"Then we release that off," he said, "And you can literally feel that weight of mourning that you just let go. And when you let it go, you're ready to let it go! That's the amazing thing about our Tlingit people ... we've been taught for thousands of years how to process mourning ... By the time you get to these Koo.éex's, you're ready to let go."

"We release our mourning," Ware shared, "And then we end up into our joyful time. We wash our black paint off, we take the black headbands off ... and we go into the time of just joyful dancing and gift giving ... It was powerful."

"It was a T'akdeintaan party so the T'akdeintaans are coming out and handing out gifts ... There's families that would putting up food and gifts for years to do this."

During the party, money is collected, the names of contributors are read off in honor, and all the cash is put into a "big giant bowl" called a fire bowl. There is a ceremony where the bowl is lifted up, and the "money is killed."

"So we've killed that money. It's dead to us. We then pay our debts to the Eagles out of that money bowl, and because it's dead to us, it belongs to the Eagles..."

"We pay our obligations to pallbearers ... we paid for the gymnasium that was there ... we paid our cooks that were cooking our meals ... anything that was done by the Eagles before or during the party, we paid them. And then whatever was left, and we had a significant amount left, that money is being ran out by our Nakaanis to the Eagles."

Nakaanis translates to in-laws. They are the bridge between the moieties because "we can't ever tell the Eagles what to do and Eagles can't tell us what to do, but their Nakaani can be the go-between."

"And so there's a lot of money that are generated, there's a lot of gifts - gymnasium was half full of gifts and food - salmon, moose meat, deer meat, gifts are handed off, blankets are very important, there's a portion of the ceremony where we just hand out blankets. There's a portion where we just hand out dry goods. There's a portion where we hand out just these fire bowls to specific people of importance ... and then produce that we hand out. There's a berry ceremony, all these things go on during this."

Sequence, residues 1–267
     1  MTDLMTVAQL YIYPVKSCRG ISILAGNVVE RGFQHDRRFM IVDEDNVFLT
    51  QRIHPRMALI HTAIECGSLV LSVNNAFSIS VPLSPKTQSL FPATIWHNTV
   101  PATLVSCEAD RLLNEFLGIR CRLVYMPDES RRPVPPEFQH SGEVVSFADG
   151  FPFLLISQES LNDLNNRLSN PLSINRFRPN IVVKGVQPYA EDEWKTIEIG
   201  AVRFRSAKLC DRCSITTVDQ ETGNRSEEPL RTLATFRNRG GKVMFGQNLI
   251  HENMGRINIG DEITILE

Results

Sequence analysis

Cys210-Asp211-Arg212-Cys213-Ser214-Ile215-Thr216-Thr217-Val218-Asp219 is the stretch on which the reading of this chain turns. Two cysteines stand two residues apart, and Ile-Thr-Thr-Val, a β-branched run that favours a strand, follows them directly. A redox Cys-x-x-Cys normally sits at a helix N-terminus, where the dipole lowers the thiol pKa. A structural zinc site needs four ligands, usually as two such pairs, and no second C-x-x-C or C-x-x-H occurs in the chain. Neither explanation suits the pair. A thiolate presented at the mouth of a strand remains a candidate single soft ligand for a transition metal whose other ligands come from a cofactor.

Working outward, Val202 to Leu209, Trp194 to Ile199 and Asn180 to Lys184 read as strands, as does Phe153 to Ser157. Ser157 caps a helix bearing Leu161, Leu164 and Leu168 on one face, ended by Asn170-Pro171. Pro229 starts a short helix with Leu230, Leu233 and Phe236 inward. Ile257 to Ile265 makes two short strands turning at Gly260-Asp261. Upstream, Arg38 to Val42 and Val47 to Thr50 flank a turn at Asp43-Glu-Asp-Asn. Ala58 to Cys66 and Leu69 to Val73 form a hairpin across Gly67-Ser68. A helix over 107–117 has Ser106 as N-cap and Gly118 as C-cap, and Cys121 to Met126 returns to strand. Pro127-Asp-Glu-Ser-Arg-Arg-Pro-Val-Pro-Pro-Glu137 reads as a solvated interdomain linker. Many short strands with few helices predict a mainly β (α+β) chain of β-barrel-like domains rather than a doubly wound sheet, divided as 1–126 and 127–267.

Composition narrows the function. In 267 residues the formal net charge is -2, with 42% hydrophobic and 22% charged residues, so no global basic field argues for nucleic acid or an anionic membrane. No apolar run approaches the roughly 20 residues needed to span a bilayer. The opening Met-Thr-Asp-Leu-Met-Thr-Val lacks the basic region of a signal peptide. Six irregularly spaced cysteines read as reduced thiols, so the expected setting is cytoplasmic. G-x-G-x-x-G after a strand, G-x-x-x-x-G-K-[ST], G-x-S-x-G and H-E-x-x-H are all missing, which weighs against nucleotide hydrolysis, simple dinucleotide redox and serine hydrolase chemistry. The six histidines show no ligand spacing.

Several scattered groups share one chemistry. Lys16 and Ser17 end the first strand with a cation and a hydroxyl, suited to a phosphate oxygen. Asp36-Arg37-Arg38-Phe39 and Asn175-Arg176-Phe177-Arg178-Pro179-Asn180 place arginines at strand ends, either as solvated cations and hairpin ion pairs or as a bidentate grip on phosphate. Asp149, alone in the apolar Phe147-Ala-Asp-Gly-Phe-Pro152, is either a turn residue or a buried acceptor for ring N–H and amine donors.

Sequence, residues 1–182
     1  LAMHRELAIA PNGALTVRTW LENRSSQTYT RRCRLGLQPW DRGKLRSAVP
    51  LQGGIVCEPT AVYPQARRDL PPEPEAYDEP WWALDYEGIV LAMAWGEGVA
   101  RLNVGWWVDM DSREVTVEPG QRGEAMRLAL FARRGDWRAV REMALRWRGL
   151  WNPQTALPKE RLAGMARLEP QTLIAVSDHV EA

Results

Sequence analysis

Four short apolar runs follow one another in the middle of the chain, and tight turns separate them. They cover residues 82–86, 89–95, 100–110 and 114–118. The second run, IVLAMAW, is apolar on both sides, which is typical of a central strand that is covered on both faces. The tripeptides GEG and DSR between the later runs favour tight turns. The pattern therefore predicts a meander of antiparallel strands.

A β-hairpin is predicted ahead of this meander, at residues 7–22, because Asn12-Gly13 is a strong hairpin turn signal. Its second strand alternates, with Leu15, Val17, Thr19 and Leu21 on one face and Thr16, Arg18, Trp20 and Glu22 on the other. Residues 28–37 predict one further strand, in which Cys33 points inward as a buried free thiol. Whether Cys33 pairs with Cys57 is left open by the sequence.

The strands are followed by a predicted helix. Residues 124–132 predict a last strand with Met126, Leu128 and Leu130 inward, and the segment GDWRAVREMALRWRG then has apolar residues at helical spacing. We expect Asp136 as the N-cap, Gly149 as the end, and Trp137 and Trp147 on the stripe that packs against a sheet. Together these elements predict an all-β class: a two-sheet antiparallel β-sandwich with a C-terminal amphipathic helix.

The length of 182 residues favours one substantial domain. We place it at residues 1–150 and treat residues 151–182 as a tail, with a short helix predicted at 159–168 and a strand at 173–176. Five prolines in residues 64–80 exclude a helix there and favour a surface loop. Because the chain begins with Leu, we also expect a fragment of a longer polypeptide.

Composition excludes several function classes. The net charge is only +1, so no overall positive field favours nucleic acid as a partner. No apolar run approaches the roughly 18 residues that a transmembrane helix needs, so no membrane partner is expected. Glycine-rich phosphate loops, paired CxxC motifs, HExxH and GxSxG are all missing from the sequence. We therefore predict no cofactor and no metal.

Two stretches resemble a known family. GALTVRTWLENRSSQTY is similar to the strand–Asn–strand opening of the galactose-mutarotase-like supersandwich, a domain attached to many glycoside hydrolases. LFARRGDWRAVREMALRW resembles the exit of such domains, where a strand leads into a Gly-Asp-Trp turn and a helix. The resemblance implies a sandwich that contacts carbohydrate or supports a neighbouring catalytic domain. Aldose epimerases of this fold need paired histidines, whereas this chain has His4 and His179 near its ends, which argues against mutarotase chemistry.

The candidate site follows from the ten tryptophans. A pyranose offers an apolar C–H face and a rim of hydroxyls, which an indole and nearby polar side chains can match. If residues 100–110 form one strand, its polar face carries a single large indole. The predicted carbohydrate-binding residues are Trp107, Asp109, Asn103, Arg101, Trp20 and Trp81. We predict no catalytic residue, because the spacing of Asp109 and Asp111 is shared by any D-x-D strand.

Ware said the Ravens hand out "things of value to us" to Eagles to pay them back for the support they had given in their time of mourning.

The joyful celebration lasts 20 hours.

He said they were throwing around bananas at three in the morning to keep everyone awake and "do some fun things that just make everybody laugh."

And when all is said and done, "We're square," he said. "This is them being paid back, them being acknowledged and thanked ... Everything is good. Balance."

T'akdeintaan clan members reside in many Southeast communities, with Xunaa [Hoonah] considered the home village.

Ware is a lifelong resident of Petersburg.

"I love Petersburg. It's my hometown, always will be," Ware shared. "My grandfather's people were from ... Stikine ... and I taught my boys how to hunt ... from these very same woods that he did and fish the same waters they did for thousands of years. So I have no intention of going anywhere."

Now, as hít s'aatí of the Freshwater Mark Sockeye house of the T'akdeintaan clan, Ware carries the responsibility until the time comes for him to choose his own successor.

"We still hold on to who we are and what we are. And we live in two worlds," Ware said. "We know that we have our own Tlingit way of life. And yet we have a western society that we live in."

"There's a bringing back out of our way of life. We're seeing that happen with my generation. It's coming back ... we're hearing from our elders that this is the way that was done. And we have such a hunger to go back to that ... balance within our culture ... Our young people find a sense of identity of who they are once they learn their culture. When they learn the culture, they know who they are, then they'll know where they're gonna go. And if they ever get lost, they go back to our way of life. And that's just that compass that will point them right back to where they should be. And that's something that we found true in almost every situation ... if you know who you are, and where you come from, you always got a place to go back to."